Upcoming Events & Announcements
Overlay of Detroit Money Transfer Map from William Bunge's book, Fitzgerald: Geography of a Revolution
Overlay map from William Bunge,
Fitzgerald: Geography of a Revolution
In this talk, Cindi Katz (Geography, CUNY Graduate Center) looks at the accomplishments, failures, and fables of the Detroit Geographical Expedition and Institute, a project of radical geography in the late 1960s.

She uses the Expedition as an example of “minor theory” and practice, where minor theory functions as a way of doing theory differently, of working from the inside out, of fugitive moves and emergent practices interstitial with “major” productions of knowledge.

To “do” minor theory is to refuse mastery and to make conscious use of displacement so that new subjectivities, spatialities, and temporalities might be marked and produced in spaces of betweenness that reveal the limits of the major as it is transformed along with the minor.

Friday, January 27
3:30 pm, Curtin 175

Brown bag lunch discussion
Friday, January 27
12 noon Curtin 939
Reading: Cindi Katz, "Accumulation, Excess, Childhood: Toward a Countertopography of Risk and Waste"

Big No image
C21 invites proposals for papers and presentations for our Spring 2017 conference, The Big No, to be held April 27-29, 2017. Deadline for proposals is February 1, 2017.

What does “no” say? Who and what says “no?”

No’s eruptive force transforms the argumentative landscape. From two-year old children to mature nation-states, the interruptive immediacy of naysaying can occur at surprising and inconvenient moments. From Thoreau to Gandhi to Marcuse, the will to nothing has provided a source of individual and collective creation.

“No” can be a language of protest and overcoming. Its power operates across lines of disciplines and ideology, across modes of writing and the refusal to write. Negation can resist or avoid authority, or can identify and highlight forces which insist on forms of complicity and agreement.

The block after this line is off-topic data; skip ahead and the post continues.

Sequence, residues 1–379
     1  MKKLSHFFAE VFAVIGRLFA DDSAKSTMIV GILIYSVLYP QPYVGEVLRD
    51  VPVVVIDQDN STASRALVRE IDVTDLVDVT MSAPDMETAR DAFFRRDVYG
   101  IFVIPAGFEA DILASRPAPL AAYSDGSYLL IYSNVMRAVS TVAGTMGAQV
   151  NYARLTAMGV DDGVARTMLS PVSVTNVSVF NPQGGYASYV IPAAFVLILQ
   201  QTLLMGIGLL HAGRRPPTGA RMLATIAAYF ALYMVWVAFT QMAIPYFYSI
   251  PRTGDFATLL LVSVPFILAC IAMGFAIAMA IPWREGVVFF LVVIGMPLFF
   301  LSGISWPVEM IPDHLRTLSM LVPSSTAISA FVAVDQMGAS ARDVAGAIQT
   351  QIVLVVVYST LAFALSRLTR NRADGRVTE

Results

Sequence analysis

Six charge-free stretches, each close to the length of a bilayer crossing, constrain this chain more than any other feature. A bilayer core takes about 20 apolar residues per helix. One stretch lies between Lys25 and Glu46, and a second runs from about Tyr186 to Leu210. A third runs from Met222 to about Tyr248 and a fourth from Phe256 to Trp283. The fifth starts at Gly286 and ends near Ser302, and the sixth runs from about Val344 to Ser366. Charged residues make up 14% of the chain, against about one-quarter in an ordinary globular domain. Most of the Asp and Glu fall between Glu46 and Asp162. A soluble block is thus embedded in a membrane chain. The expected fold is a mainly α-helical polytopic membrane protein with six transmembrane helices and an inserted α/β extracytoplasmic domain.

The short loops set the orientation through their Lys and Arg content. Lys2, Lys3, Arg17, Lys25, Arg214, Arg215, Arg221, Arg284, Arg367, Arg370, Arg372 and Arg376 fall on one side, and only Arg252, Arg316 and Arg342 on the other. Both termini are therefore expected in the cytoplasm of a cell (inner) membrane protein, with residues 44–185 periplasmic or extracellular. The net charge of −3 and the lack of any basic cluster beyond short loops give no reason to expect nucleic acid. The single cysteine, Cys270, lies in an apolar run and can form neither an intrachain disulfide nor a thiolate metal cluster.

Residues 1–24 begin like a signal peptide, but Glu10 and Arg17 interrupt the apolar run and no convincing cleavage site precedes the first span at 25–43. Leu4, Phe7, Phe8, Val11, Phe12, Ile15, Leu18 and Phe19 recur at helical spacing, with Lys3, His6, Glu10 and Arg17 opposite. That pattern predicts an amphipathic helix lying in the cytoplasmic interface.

Confirmed speakers include Joshua Clover, Katerina Kolozova, François Laruelle, Ariana Reines, and Frank B. Wilderson III.

Details, and application instructions, for submitting proposals for The Big No

Curtin Hall in Spring
C21’s Spring 2017 calendar of events continues our annual theme of Naysaying. Cindi Katz (CUNY), Catherine Lutz (Brown), and Camille Robcis (Cornell) will be addressing naysaying from the perspectives of Geography, Anthropology, and History, respectively.

Also on the schedule is a visit from historian Daniel T. Rodgers (Princeton), author of The Age of Fracture, through the Phi Beta Kappa Visiting Scholars Program.

We are again sponsoring the Midwest Interdisciplinary Graduate Conference (MIGC), whose theme for 2017 is MOSAIC. Keynote speakers include Jason W. Moore (Sociology, Binghamton University) and Margaret Rhee (Women’s and Gender Studies, University of Oregon).

Our year of Naysaying concludes with our annual conference at the end of April—The Big No—with a strong lineup of speakers, including plenaries Joshua Clover, Katerina Kolozova, François Laruelle, Ariana Reines, and Frank B. Wilderson III.

All C21 events are free and open to the public. We hope to see you at one, or more, of our events!

C21 Spring 2017 Calendar of Events

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